A few days from now, my husband and I will celebrate thirty-five years of marriage to one another. Add to that another four plus years of dating, and I will have been exclusively partnered to the same person for more than half my life. What a mind-blowing thought. I wonder if the recently deceased Queen Elizabeth II of England who also vowed to be “loyal and faithful to her people “’till death do us part” and reigned for seventy years, appreciated any more than this then 23-year-old just how long a lifetime might be.
I’m not complaining mind you. Quite the opposite. Having been happily committed for some time now (snoring and perpetual tardiness aside), it makes me wonder, rather, how the remarkable act of choosing one person above all others to be with until the end of days, came about. So, I looked it up (you can Google anything in case you didn’t know) and learned that the origin of marriage dates back 23,000 years when hunter-gatherers first became farmers and women who stayed home tending their children. For a man, the prospect of ensuring the survival of one woman and a few offspring versus seeing to the security of an entire tribe must have seemed far more feasible. Therefore, it seems marriage was a strategic move born of necessity, downsizing for the greater good, if you will. If that’s not romance, I don’t know what is!
All kidding aside, discovering the geneses of modern-day traditions has long been a fascination of mine. Last Spring, I attended a bridal shower for the future daughter-in-law of a good friend of mine. Following a delicious meal and lots of Sangrias, rousing rounds of wedding-themed games capped off the lovely event. One competitive challenge really struck my fancy. Guests were asked to match a list of wedding traditions to their proper beginnings. A few were familiar to me, but others surprised, and all were interesting to learn. So, in the spirit of this wedding season, I’d like to share a little of my newfound nuptial trivia with you.
Back in the day, it seems marriage wasn’t viewed so much as a happy occasion like today, but more of a practical and often economical contract. And, as in most business matters, the parties involved were ever watchful for anything or anyone attempting to derail or prevent the transaction from moving forward. The Ancient Greeks and Romans were particularly fearful of intervention from evil spirits, including the Devil himself.
Thus, tradition dictated that a bride should always wear a veil to conceal her features from sinful viewers as she processed through a group of bridesmaids who protectively lined her path. These standing sentries also doubled as decoys. Wearing the same dress as the bride, their role was to confuse and disperse any malicious spirits lurking nearby. In addition to the veil and bridesmaid clones, early brides also carried fragrant bouquets to ward off any who might dare to interfere with her wedding day. Bunches of aromatic herbs, garlic and grains were the popular choice of the day, before superstitions waned, giving way to sweet smelling florals. Thank goodness!
Not to be left out, the rituals of grooms and their groomsmen are equally as colorful, starting with the Stag party. First celebrated by ancient Spartan soldiers, the event was a raucous and rowdy good-bye to the groom’s bachelor days. But the practice of having groomsmen as part of the wedding stems from an even more scandalous and ancient tradition of kidnapping the bride. Before a couple could marry, the groom would enlist his friends and warrior companions to help him fight off other warriors and hide the couple from the bride’s family. The groom’s main companion and warrior was the equivalent of the modern day “best man.”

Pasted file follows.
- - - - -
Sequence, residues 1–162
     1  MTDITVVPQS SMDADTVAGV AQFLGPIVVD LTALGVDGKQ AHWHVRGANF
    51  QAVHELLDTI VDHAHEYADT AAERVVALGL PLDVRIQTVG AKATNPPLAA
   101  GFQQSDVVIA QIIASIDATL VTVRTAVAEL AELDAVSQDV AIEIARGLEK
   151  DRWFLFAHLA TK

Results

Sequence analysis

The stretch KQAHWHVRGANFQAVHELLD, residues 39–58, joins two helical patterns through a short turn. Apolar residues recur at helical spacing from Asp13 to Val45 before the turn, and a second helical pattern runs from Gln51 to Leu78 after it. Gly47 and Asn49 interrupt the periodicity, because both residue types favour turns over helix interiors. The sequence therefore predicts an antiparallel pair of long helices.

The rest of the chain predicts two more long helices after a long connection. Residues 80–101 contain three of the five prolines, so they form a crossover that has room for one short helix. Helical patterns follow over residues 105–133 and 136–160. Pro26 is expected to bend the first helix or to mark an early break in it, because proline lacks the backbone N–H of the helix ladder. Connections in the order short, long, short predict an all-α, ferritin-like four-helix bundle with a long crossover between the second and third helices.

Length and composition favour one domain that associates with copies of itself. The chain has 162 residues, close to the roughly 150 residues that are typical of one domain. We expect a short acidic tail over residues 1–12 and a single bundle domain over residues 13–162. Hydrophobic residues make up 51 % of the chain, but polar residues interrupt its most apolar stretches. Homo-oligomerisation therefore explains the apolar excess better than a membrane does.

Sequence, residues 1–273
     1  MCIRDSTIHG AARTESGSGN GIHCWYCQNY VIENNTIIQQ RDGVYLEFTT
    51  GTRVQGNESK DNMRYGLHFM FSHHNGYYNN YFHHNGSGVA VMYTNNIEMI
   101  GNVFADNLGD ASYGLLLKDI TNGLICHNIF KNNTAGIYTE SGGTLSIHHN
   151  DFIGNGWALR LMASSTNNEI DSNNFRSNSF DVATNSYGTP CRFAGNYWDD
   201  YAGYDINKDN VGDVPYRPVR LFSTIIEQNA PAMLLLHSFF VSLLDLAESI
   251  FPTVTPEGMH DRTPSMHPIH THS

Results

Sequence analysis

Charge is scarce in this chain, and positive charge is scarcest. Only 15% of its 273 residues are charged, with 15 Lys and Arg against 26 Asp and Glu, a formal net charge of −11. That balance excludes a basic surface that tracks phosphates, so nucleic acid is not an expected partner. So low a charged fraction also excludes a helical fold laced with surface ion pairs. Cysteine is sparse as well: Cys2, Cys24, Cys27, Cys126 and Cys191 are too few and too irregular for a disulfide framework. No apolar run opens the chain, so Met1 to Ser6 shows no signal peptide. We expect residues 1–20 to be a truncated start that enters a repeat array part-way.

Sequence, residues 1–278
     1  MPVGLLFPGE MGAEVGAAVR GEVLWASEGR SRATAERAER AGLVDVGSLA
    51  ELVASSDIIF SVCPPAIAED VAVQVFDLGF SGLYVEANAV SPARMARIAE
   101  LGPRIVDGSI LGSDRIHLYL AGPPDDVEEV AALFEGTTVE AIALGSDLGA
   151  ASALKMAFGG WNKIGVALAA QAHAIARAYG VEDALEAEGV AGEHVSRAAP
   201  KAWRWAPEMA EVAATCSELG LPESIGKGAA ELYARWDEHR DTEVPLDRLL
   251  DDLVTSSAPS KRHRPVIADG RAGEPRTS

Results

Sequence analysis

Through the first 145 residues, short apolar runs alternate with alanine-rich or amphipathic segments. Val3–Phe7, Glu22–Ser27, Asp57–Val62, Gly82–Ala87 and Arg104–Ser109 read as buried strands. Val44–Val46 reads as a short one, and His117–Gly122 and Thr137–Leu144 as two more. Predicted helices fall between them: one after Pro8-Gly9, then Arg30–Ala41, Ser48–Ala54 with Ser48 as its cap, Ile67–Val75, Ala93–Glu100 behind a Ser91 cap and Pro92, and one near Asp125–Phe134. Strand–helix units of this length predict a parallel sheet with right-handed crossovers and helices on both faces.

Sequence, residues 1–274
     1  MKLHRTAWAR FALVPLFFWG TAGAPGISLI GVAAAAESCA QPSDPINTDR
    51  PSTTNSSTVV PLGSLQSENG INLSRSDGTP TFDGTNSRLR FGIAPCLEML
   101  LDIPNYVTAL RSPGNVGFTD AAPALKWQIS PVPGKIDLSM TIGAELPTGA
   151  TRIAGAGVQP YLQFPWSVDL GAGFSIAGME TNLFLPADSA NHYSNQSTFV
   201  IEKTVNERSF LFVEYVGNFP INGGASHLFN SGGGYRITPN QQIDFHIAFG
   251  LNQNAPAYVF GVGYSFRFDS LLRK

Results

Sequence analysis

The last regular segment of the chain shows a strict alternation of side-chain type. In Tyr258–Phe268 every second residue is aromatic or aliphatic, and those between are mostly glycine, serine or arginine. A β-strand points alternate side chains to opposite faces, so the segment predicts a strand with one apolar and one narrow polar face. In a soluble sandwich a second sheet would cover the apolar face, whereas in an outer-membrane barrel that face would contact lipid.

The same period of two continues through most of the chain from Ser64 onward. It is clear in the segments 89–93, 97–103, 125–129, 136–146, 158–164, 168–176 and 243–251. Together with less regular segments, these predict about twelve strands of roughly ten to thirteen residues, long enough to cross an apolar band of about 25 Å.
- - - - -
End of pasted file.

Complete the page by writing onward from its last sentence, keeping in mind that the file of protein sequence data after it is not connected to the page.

Have you ever received a wedding invitation with the word “honour” spelled in British fashion with a “u”? This formal spelling style is used to let recipients and guests know that the wedding ceremony will be held in a church or other place of worship. And while many weddings are held on a weekend, Friday, Saturday or Sunday, in ancient times Wednesday was considered the best day to marry—it’s not clear to me why—while Monday marriages were for wealth and Tuesday, for health.
The wedding ring, a circle without beginning or end, symbolizes eternity and an eternal bond. But it was the romantic Egyptians who declared the fourth finger of the left hand our “ring finger,” believing the vein connecting to the heart ran through it. Engagement rings entered the scene of matrimonial conventions much later but like the wedding band, they have significant meaning as well. As the hardest gems on Earth, diamonds are also considered eternal, a sentiment that has earned them the top spot on the list of engagement stones. The least popular? Pearls, which bear an unfortunate resemblance to tears.
Lastly, what would this discussion of wedding rituals be without a deeper look into the ceremonial practice of carrying the bride over the threshold. Started by you guessed it, the Ancient Romans, they believed it was unladylike for a bride to willingly leave her father’s home. Instead, the groom would take her by force and carry her over the threshold to his home. Lifting her up also prevented the evil spirits waiting for a final crack at cursing the couple, to enter through the soles of her feet. Not sure how the groom was immune to such attacks, but it was a different time I suppose.
Well, that concludes today’s lesson on the origins of popular wedding traditions. I hope you enjoyed it. Did you learn anything new? On our wedding anniversary, I plan to regale my husband with these fun facts as well, or maybe I’ll just have him read this post. We have time, after all, a lifetime.